A presidential advisory council on bioethics began examining Thursday the ethical, scientific and legal issues surrounding human cloning, an issue that now rests before the Congress.

While President Bush has already said he favors a wholesale ban on human cloning and a restriction on the cell lines that can be used for medical research, he appointed the 18-member council to looking at the philosophical and scientific underpinnings of the debate as well as other bioethics issues.

The panel is headed by University of Chicago bioethicist Leon Kass, who has come out strongly against cloning for stem cell research, euthanasia and in-vitro fertilization, which is used by many infertile couples and widely accepted.

Some critics have been concerned that the president would stack the panel, which will address Congress with its findings, with those agreeable to his own beliefs.

But at least one observer said the appointees appear to be fair, reasonable and well-qualified experts.

"I think it's a distinguished group," said bioethicist Arthur Caplan of the University of Pennsylvania, who said he had been worried that the group would be stacked with conservatives. He said the panel members appear to lean to the political right, but that the group includes a variety of views. "It's got a spin but it's not toppled over."

The first topic on the council's agenda is human cloning.  Last year, the House passed a ban on all human cloning, but Democrats and many Republicans in the Senate favor a ban that exempts cloning for research purposes that does not involve implanting a cloned embryo into a woman's uterus.

Cloning for research purposes, for instance, could involve cloning the cells of a particular patient in order to create new, embryonic stem cells that are less likely to be rejected when used in treating the disease.

But opponents argue that this sort of treatment would involve destroying the newly created embryo, which they say is a human life of its own, or at least has the potential to become one.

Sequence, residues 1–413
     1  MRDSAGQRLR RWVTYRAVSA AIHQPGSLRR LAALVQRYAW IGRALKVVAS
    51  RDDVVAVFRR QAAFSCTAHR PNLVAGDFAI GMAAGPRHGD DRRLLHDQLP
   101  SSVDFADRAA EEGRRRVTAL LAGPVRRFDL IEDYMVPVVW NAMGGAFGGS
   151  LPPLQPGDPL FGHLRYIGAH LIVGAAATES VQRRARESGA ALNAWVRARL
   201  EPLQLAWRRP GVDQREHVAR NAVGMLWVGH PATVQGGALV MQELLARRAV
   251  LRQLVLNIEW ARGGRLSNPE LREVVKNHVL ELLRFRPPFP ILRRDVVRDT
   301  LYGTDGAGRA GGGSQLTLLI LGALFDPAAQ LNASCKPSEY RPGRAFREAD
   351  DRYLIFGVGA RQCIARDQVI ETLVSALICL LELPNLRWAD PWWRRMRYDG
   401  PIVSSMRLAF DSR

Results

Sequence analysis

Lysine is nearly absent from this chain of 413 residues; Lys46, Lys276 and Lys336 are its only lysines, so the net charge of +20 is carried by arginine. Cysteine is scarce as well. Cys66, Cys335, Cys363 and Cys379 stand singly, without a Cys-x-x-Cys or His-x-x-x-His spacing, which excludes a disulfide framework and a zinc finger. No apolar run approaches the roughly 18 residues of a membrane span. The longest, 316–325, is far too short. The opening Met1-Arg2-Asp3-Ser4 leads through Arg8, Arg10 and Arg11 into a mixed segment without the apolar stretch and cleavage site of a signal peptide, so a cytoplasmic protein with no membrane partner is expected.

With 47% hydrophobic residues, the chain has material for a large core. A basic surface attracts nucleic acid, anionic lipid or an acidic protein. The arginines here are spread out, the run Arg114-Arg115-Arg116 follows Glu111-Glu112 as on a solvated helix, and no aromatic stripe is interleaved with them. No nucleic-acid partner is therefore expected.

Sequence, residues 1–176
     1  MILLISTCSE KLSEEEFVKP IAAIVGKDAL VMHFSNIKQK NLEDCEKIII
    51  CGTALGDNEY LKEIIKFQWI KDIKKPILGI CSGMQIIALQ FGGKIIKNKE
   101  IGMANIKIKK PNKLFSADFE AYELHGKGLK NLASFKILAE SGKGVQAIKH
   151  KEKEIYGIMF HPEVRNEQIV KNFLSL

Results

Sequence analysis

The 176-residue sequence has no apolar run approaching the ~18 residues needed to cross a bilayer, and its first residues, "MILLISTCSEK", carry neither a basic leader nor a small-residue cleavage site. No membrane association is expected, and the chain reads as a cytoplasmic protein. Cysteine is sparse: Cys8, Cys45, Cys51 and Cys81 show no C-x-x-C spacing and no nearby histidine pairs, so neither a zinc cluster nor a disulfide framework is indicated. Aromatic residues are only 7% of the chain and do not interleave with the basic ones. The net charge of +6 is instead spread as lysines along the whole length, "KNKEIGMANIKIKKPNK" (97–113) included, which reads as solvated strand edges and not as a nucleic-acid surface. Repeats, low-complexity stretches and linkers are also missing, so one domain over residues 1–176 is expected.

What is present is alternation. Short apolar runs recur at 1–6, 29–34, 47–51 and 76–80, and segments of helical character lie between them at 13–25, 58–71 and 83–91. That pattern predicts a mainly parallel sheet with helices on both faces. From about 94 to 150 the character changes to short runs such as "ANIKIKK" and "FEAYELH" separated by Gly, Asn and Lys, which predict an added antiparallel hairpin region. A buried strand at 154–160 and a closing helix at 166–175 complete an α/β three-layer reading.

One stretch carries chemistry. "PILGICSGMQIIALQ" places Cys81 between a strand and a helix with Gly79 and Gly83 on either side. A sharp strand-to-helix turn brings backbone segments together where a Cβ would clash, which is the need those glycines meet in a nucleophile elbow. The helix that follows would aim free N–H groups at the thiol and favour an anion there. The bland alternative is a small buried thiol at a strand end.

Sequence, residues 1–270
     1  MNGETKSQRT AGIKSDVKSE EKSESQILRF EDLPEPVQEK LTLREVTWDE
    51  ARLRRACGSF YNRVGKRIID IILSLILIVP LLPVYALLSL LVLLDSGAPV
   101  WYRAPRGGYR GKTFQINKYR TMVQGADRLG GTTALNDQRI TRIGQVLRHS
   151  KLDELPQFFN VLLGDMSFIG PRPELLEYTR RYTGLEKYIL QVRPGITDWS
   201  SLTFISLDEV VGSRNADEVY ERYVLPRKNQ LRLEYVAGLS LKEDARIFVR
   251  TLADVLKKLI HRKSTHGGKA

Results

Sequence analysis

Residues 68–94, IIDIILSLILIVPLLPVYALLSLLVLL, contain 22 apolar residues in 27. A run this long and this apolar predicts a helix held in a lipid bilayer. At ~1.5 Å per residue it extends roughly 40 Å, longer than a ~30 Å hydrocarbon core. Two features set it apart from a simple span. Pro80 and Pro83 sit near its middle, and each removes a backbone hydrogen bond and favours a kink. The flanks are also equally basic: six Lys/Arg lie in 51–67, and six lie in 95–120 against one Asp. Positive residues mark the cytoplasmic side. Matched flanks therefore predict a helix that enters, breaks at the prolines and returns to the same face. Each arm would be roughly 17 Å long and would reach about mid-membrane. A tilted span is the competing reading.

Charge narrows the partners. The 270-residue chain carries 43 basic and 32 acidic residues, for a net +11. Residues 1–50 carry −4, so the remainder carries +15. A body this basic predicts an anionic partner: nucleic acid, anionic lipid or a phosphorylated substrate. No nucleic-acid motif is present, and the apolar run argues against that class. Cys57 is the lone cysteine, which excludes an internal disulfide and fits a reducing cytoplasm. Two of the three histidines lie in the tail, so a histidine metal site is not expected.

A series of working papers prepared for members of the council laid out arguments on all sides of the debate and made it clear that moral as well as scientific issues would be on the table.

"There is a need both for sobriety and for a full hearing of all arguments in this debate, and it is in this spirit of open inquiry that the council shall do its work," a paper prepared by the council's staff concludes.

"But there is also the need for responsible judgments and policies, and for recognition of the fact that these are inescapably moral matters, to be decided on not by scientists or techno-entrepreneurs acting alone but by all of us conversing and deliberating in the public square."

The council is also charged with tackling embryonic stem cell research and euthanasia, issues that deeply divide Americans. Bush also asked the council to examine assisted reproduction, typically in-vitro fertilization.

The president promised in August to create the council after struggling with whether the government should finance promising but controversial research involving stem cells derived from human embryos. It replaces a similar commission that advised President Clinton.

Working papers prepared by the council's staff examine issues ranging from the "human dignity" of a cloned embryo to the need for scientific advancement and ramifications of banning promising research.

The White House did not identify the members of the council until Wednesday. It said they were chosen for their diverse views, specialized knowledge and thoughtfulness.

"With their assistance and guidance, the president will continue to forge a policy on bioethical issues that reflects his strong support of science and technology, as well as his deep respect for human life and human dignity," the White House said in a statement.

The Associated Press contributed to this report.